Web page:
CEBU CITY, Philippines –Despite the tremendous success of 6-time PBA MVP Junemar Fajardo (who finished his studies at UC), the remarkable performance of JR Quiñahan (UV), the spitfire game of Quinton Brian Heruela (UC), or the clutch plays of Rey Suerte (UV), the Cebu Schools Athletic Foundation Inc. (CESAFI) remains as what it is – a HUNTING GROUND for Manila schools.

The latest exodus of Cebuano players again proved that CESAFI or its predecessor, the CAAA, remained helpless from larceny by the big school leagues of Manila.

I am referring to the transfer of the University of the Visayas’ Jancork Cabahug to the University of the Philippines Fighting Maroons in the UAAP and Gabriel Cometa to San Beda University Red Lions in the NCAA.

Before them, Juniors MVP LA Casinillo was reportedly walking away from Sacred Heart School-Ateneo de Cebu Magis Eagles to join the University of Santo Tomas Tiger Cubs. His transfer earned the ire of the long-time CESAFI Commissioner Felix Tiukinhoy Jr. for not asking the permission of the school first.

But what amazed me more was the quite amusing reactions of UV head coach Gary Cortes, who earlier posted a cryptic message on his Facebook wall, days before Cometa and Cabahug’s transfer were publicized.

“Ahaka, mahadlok naman hinuon ko kung naay Lancers mobisita nako sa bukid oi. Mahadlok na ko, kay tanan ni anhi nako diri, pulos nananghid nga mo transfer sa Manila,” Cortes said on his Facebook page post last July 24, 2020. (Nuts, I am now alarmed if there is a Lancers (player) who will pay me a visit here in the mountains. I am scared because all of those who came here were seeking my permissions to transfer to Manila.)

Days later, Cometa’s transfer to San Beda was published and was followed by Cabahug’s announcement of his move to UP the next day.

“Mao naman na ang normal sa UV migo. Dugay naman na nga pang hitabo. Sigi ra man og kasuko ang CESAFI pero wala may action or solution nga gi buhat, Mura ra ta diri og kusinero, kitay mo hiwa sa lamas ug subak, kitay mo luto pero lain ang mo kaon,” Cortes told iNews.Ph. (That is normal with UV my friend. There is nothing new to that. All CESAFI did was to snap. But no action or solution was ever made. We (at UV) are like cook/chef, we prepare and slice up spices and other ingredients, we cooked but when it’s done, other (people) will eat it.)

Pirating of players has always been a problem for Cebu schools since I just can’t remember when. And it has been given legal teeth by the Republic Act 10676 or the Student-Athletes Protection Act of 2015.

Let me enumerate the focal provision of the law that totally made the schools helpless when it comes to piracy of players.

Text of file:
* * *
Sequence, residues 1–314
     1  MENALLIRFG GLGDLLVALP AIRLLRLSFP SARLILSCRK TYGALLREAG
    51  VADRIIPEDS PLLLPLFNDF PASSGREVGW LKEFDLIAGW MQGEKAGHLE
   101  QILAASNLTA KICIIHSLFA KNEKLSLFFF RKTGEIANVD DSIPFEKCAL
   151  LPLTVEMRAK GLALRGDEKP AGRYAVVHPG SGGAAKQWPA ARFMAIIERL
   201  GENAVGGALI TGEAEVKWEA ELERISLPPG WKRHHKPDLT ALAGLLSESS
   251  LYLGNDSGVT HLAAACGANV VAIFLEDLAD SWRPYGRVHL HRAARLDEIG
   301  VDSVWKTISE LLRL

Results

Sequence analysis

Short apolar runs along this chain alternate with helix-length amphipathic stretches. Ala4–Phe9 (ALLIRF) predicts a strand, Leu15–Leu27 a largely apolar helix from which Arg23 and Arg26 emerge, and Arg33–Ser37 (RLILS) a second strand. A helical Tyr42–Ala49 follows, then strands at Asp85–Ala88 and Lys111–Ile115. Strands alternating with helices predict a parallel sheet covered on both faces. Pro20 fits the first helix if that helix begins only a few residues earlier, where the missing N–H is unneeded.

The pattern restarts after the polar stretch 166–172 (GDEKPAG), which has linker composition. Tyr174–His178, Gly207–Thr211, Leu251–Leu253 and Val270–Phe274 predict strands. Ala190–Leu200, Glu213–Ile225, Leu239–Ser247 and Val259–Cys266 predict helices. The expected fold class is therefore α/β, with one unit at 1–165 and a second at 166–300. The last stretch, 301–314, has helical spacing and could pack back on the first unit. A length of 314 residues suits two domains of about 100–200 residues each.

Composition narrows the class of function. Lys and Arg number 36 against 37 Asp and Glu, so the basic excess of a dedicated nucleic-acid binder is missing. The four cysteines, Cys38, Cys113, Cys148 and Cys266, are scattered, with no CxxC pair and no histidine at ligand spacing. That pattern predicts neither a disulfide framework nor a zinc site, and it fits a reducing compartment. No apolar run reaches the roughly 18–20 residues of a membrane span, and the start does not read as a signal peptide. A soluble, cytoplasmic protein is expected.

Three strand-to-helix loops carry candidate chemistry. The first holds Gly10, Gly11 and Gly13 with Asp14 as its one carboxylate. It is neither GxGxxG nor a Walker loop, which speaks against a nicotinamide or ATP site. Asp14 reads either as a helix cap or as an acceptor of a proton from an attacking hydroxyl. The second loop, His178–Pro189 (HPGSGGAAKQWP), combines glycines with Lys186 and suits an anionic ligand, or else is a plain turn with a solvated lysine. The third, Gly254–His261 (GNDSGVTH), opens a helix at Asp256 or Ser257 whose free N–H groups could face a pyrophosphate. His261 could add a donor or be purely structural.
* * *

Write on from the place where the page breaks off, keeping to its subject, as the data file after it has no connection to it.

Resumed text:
The second paragraph of Section 4 provides that;

No school, or its representatives, shall be authorized to perform the following acts on a student-athlete on the sole reason for his/her transfer to another school:

(1) File an administrative charge for possible violation of school rules and regulations;

(2) Require the payment of tuition and other miscellaneous fees covered by the scholarship granted, including monies are given and the cash equivalent of non-monetary benefits received;

(3) Refuse to issue or delay the release of grades and school records, clearance, or transfer eligibility;

(4) Give incomplete grades in subjects in which the student-athlete is exempted by virtue of being a student-athlete; and

(5) Impose other forms of punishment.

That clearly stated that the school has no right to hold on to a player. Yes, it is customary for schools to grant full scholarship and the allowances to their players, but what is not considered is the “investments” that the schools have provided to the players. The investments that I am talking about here were the time and effort that the school had spent in training and refining the raw skills and talents of the players, the playing time that it gave to the players so that they would get exposures – and that is PRICELESS.

While it is true that the schools or the coaches cannot stop the players from leaving, the recruiters should also consider repaying the school, so that they will continue to be competitive.

In 2017 a local college team asked my advice after their player was recruited by a Manila team. They do not want to let go of that player because of two reasons – one, he is not yet ready for the big leagues and two, he is a vital piece to their campaign.

I told them that you cannot stop that player from leaving. Instead of getting empty-handed, you strike a deal by asking them to send a replacement from their pool as an exchange. That was done and now both parties are still in good talking terms.

I personally knew Jancork. I have been following his career since he started playing for UV as a freshman in high school. His grandparents – Kap Pocang and Mam Editha and the rest of the family are very supportive. Jancork got various offers to play in Manila since he was in Grade 10. However, he stayed with UV because of Gary Cortes. Kap Pocang made a commitment to Cortes to keep his grandson at UV.

Bigger allowance definitely is not the reason for his transfer. Money is not an issue for the Cabahugs. Jancork is one of the non-Magis Eagles player with his own car. The last time I checked, his ride was a 2018 model Toyota Fortuner. Cometa also drives his own car. So basically, money is not an issue for these boys. All they wanted were the other things that Manila teams could offer.

The TV exposures, the game experience, stronger competition, and being nearer to commercial teams in Manila are what attracted these boys from leaving Cebu.

If only CESAFI can bring back the crowd, and the TV coverage would also come back, give players more tournaments to play for more exposures and game experiences, then probably we can minimize the exodus of our players. After all, staying close to your family is a bigger motivation to play better.